Meat industries around the globe have long loved little like a good old-fashioned lobby, and now, some of the biggest vegetarian and vegan companies in the U.K. want their turn. Oatly, Alpro, and Upfield — best known for silently manufacturing Flora spread — are founders of the Plant-based Food Alliance, along with the Vegan Society and ProVeg UK, which labels itself as a “food awareness organisation.”
It joins a global cohort of similar organisations, including the Plant Based Food Association (PBFA) in the U.S. and the European Alliance for Plant-based Foods in the European Union. Each has a similar aim: to pressure governments and businesses to either invest more in plant-based foods, or promote their consumption, from an ecological standpoint. Of course, they’d like it most if it’s their plant-based foods that are getting investment and promotion. If only there were a high-profile piece of political news this week that could be instructive.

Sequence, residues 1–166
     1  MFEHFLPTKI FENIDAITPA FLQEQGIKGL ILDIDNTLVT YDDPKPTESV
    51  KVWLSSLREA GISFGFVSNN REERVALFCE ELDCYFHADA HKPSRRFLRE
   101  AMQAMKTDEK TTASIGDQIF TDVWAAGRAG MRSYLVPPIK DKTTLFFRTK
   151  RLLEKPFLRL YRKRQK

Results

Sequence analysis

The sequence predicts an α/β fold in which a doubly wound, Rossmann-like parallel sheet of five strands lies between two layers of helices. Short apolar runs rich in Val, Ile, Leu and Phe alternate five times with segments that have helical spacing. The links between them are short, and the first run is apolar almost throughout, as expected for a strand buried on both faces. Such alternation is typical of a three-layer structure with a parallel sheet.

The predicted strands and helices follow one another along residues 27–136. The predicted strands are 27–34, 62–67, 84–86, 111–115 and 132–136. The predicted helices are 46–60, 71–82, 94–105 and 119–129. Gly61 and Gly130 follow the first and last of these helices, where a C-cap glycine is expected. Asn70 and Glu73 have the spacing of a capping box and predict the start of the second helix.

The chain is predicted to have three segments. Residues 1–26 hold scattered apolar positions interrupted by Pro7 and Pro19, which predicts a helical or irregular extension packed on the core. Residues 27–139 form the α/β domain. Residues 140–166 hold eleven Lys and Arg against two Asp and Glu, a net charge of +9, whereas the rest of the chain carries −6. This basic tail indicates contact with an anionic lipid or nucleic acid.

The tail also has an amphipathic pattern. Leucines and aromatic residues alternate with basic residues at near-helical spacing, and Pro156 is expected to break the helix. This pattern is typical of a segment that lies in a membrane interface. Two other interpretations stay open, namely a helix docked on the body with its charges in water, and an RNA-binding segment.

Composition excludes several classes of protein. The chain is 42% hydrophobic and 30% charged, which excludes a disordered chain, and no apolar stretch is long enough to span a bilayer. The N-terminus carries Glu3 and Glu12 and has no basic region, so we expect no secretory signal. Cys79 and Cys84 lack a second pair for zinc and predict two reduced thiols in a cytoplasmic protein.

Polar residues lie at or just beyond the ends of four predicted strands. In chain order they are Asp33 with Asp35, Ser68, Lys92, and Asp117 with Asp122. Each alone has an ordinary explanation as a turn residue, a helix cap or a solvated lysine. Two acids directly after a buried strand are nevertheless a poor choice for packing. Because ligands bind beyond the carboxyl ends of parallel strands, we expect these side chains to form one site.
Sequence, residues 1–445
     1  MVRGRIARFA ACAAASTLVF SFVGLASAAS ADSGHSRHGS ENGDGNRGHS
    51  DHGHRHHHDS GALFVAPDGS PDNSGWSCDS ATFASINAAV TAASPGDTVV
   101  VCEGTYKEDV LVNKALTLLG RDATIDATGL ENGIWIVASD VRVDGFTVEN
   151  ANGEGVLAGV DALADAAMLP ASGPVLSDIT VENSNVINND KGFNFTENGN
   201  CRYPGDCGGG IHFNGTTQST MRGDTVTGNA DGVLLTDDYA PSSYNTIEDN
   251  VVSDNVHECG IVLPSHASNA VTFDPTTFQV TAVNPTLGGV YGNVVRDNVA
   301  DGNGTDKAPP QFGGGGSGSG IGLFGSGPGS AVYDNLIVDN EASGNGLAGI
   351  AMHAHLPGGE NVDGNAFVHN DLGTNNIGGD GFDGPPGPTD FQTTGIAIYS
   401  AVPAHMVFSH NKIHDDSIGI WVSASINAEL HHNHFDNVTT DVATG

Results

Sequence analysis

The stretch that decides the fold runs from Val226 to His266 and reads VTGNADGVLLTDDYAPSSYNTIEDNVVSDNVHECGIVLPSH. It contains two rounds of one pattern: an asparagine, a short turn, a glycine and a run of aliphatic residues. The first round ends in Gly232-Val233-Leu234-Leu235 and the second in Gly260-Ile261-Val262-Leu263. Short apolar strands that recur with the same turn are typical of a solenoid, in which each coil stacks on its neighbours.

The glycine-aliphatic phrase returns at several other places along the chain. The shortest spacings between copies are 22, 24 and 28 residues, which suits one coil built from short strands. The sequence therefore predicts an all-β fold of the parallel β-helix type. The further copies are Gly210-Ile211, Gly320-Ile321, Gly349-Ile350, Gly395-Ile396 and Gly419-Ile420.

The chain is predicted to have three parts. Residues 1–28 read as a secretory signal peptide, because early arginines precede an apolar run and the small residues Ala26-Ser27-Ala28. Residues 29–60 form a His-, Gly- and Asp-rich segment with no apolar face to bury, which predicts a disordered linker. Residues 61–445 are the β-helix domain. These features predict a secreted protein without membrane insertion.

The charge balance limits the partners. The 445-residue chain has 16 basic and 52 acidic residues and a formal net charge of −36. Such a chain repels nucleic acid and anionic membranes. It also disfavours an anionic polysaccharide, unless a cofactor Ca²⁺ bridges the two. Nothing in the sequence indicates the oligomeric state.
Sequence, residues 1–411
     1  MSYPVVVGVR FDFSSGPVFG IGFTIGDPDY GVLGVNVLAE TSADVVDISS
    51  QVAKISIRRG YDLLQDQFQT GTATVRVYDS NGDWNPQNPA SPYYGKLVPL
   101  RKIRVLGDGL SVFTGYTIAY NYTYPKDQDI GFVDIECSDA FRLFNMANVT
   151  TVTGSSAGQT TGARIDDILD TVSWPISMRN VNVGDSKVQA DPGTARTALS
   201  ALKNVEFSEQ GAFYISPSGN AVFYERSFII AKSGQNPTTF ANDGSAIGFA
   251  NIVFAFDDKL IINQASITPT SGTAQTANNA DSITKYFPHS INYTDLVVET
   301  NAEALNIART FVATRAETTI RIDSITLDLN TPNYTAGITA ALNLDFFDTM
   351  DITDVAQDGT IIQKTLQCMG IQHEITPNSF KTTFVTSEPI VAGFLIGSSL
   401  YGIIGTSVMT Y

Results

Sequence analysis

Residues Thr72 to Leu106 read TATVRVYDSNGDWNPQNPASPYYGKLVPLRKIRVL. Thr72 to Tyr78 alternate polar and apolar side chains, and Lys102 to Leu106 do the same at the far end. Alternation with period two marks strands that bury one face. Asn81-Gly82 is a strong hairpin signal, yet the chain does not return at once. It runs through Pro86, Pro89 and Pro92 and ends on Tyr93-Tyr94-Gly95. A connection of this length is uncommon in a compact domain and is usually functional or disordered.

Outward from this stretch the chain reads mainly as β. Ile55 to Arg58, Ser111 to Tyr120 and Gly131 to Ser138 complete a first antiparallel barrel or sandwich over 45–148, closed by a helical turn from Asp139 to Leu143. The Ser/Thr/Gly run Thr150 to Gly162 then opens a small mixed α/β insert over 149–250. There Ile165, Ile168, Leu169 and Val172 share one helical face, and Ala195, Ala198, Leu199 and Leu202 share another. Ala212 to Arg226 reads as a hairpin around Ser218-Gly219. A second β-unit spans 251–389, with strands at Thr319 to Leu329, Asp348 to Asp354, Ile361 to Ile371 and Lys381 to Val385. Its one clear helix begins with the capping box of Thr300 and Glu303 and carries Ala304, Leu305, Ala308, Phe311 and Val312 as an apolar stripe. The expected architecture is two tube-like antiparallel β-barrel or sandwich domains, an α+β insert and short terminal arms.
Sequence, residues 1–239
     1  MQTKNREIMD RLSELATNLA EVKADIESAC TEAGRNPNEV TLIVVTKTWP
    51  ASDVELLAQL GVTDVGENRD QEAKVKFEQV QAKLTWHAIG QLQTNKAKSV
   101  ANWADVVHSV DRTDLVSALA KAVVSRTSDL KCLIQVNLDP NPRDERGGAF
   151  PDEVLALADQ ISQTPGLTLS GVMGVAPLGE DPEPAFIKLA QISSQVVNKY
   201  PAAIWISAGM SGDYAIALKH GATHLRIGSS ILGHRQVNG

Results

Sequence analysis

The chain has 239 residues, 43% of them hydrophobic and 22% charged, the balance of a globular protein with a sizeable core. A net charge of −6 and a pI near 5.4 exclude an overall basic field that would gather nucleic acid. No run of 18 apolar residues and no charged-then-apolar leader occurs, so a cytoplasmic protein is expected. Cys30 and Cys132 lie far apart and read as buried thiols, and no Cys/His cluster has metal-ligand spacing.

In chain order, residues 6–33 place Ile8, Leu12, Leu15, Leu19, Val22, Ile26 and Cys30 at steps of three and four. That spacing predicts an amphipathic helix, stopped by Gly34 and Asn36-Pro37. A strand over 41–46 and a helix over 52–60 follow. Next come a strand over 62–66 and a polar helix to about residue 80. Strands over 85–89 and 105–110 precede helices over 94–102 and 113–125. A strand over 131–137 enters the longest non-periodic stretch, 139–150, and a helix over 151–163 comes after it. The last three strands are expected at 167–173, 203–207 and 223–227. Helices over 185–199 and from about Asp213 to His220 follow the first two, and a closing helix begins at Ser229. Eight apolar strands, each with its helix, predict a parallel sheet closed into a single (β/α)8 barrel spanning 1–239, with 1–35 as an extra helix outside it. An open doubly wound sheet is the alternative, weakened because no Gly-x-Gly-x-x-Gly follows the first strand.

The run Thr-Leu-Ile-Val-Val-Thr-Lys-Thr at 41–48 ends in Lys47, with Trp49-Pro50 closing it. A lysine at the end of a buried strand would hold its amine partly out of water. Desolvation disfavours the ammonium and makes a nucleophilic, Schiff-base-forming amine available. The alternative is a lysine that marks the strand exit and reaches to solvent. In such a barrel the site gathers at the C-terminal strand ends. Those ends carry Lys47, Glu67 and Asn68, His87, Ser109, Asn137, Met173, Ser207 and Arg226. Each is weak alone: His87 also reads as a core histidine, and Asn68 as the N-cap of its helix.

Marks and Spencer won’t stop animating a character whose face children eat
Actor Tom Holland is the voice of Percy Pig in a new Marks and Spencer Christmas advert. Percy gallivants around a store, stopping at various festive products, but never sees the packets and packets of edible pig faces made in his image.
Burger and Lobster only wants two things: More burgers and more lobsters
The chain feels it has weathered the impact of the COVID-19 pandemic, and wants to get back on the expansion trail.
Three little birds flew far away
Brixton restaurateur April Jackson is closing her restaurant, Three Little Birds, and reopening it as Wood and Water.
A central all-day dining veteran rides again
Riding House Cafe, best-known for its restaurant on Great Titchfield Street, wants to open in Bloomsbury, taking over from the dormant Carluccio’s.